Brian Schwab

Mixing and Mastering

Brian Schwab owns and operates a mixing and mastering studio located on the north side of Chicago. The sophisticated environment is a warm and creative workspace equipped with the highest quality outboard equipment and the latest computer technology for music production.

Both the mixing and the mastering process begin with defining the goal of the final project. This includes discussing the character and vibe the artist is setting, discussing the intended audience, and outlining the final output for the project (CD, vinyl, radio, internet, iTunes). Bringing in outside references is encouraged and helps to focus the intention of the record where words can sometimes fail.

Although the tools for mastering may seem specialized, they are no different than the everyday gear used in mixing. Intelligent equalization, compression and limiting are commonly used techniques. Most of the adjustments made are very refined and subtle. The questions in each step of processing are:

  • Does the music better convey the intention of the recording?
  • Will the average listener have a better understanding of the material through additional mastering treatment
  • Is the objective of the producer, mix engineer and artist better delivered?

Utilizing a mastering console allows the auditioning of each piece of analog signal processing along the chain. Assessments can be made between every part of the signal path as well as comparing the original material to the processed version.

While mixing concentrates on balancing instruments, voices, and effects to create one cohesive track, mastering focuses on the balance of the complete album. The mastering process strives to achieve consistency in tone, punch, clarity and volume from track to track.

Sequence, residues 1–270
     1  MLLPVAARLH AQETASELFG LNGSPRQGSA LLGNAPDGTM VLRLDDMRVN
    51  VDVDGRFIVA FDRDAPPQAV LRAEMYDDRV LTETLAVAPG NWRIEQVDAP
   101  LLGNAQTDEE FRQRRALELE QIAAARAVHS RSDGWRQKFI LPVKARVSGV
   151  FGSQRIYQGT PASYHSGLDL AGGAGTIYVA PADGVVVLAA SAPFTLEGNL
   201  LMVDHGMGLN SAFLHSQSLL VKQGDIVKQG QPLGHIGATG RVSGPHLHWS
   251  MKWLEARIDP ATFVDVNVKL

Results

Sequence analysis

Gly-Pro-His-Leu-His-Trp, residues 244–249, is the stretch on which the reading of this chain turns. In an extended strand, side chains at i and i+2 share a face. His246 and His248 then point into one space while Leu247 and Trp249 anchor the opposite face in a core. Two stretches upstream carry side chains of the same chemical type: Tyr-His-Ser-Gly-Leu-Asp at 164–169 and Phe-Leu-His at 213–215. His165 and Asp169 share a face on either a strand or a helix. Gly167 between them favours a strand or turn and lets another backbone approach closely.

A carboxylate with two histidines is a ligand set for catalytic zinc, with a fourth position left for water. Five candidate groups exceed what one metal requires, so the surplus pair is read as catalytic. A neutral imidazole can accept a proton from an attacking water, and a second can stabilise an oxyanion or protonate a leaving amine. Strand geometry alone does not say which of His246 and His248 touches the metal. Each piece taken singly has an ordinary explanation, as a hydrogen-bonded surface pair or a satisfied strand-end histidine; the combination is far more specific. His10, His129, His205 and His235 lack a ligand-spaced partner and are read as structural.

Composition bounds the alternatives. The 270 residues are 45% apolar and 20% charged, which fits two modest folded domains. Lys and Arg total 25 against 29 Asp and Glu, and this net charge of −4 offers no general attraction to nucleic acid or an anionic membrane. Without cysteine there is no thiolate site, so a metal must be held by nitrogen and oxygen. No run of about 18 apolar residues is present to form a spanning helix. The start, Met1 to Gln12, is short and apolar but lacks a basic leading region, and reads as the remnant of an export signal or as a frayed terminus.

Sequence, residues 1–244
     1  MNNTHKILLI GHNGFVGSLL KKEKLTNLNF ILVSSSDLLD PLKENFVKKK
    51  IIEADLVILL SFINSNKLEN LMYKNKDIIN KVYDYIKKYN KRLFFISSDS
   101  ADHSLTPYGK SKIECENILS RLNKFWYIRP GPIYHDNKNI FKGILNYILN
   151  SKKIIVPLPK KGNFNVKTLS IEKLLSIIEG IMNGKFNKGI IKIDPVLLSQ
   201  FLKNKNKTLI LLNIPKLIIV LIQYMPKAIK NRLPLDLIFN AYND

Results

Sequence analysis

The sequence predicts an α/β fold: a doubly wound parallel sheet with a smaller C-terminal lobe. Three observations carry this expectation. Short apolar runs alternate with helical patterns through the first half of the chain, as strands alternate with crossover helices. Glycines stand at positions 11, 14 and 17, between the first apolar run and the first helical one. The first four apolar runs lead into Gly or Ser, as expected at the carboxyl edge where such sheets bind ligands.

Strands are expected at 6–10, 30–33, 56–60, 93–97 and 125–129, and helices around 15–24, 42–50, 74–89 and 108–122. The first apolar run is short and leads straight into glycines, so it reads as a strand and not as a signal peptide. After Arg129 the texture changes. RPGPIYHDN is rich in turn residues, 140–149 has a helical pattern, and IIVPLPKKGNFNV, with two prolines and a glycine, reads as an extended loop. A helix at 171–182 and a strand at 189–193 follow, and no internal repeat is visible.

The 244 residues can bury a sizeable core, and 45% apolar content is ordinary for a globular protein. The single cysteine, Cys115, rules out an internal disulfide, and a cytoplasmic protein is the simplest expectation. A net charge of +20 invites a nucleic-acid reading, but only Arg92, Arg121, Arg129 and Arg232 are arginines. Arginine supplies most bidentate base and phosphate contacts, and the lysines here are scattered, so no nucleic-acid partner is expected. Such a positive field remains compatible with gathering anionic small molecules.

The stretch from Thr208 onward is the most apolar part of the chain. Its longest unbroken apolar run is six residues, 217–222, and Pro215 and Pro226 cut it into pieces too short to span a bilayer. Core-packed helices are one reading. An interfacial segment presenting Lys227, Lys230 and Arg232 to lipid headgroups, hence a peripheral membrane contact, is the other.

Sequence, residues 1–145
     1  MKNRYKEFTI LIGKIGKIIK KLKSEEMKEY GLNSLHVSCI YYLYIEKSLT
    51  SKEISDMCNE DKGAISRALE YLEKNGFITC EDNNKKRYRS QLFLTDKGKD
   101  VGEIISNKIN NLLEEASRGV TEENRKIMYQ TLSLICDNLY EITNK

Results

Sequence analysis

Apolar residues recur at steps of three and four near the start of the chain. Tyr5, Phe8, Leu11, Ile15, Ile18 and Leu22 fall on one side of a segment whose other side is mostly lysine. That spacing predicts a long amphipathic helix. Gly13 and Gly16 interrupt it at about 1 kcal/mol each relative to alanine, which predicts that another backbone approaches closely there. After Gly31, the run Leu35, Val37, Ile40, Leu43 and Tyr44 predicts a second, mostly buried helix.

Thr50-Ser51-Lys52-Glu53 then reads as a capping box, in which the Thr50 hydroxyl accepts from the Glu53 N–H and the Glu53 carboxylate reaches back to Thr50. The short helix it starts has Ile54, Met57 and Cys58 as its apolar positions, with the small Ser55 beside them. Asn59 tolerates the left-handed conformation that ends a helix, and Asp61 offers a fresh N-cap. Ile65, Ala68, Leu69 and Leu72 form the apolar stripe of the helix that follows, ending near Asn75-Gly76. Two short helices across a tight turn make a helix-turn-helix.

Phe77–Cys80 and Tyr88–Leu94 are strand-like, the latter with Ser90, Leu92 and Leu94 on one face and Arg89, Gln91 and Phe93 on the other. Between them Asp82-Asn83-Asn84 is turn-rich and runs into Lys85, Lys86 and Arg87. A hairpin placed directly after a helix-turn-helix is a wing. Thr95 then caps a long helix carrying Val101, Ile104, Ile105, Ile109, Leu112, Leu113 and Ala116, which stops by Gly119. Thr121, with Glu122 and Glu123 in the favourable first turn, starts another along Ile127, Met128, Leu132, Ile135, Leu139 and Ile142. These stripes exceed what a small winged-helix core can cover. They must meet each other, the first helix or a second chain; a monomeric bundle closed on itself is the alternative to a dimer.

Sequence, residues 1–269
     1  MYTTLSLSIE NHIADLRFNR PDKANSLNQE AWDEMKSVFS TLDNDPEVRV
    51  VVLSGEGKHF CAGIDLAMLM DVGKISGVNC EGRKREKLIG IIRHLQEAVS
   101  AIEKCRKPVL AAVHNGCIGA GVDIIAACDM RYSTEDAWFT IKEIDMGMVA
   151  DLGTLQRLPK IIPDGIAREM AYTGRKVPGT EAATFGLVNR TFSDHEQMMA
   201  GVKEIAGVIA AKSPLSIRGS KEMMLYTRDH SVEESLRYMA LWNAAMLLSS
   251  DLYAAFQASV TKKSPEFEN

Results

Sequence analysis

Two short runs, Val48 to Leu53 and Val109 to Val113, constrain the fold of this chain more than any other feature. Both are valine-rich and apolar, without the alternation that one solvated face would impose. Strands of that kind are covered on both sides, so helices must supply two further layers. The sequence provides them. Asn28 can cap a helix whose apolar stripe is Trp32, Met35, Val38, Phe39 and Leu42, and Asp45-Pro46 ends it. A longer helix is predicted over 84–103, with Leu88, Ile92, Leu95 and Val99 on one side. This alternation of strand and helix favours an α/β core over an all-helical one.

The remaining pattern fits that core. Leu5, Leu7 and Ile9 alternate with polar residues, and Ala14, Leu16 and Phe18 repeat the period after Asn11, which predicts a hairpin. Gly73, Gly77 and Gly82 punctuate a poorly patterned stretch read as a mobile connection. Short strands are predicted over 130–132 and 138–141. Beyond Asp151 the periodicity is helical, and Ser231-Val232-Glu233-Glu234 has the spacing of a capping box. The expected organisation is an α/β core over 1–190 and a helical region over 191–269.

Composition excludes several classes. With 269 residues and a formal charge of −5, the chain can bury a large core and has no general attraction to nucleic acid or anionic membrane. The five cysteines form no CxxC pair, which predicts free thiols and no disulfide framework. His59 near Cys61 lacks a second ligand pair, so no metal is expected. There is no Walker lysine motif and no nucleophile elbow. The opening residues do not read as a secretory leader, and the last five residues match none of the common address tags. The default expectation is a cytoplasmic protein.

The overall volume depends on the final format of the released material. One cannot argue that todays CD releases are quantifiably louder than those of CD releases in the past. Depending on record label needs and producer preferences, a current record competing in the present commercial marketplace may need an increase in overall volume.

Sequencing, or track order, and fade-ins and fade-outs are also part of mastering. Final fade-outs should be determined after all processing has been applied to the track.

Once the project is mastered and sequenced, it is ready for delivery. The final format of delivery depends on the target output.

CD Duplication / Replication

  • Master CD (error checked)
    • Includes all CD Text data
  • Reference CD-R (error checked)
    • Includes all CD Text data
  • DDP Image Disc
    • This is the preferred method of delivery for a CD duplication/replication facility
    • Includes all CD Text data
  • PQ Sheet
    • PDF of all CD Text, ISRC data, UPC/EAN

Digital Delivery / Internet

  • 44.1kHz 16bit WAV Files
  • Hi-Res 24bit WAV Files (in the native sampling rate)

Upon request, high-quality MP3 files (320kbps stereo) and Mastered for iTunes files can be provided. For Mastered for iTunes the final distributor will need to be a certified iTunes content provider.


  • Data Disc of Side A sequence and Side B sequence (24bit WAV files).
  • Reference CD-R (error checked)
    • Includes all CD Text date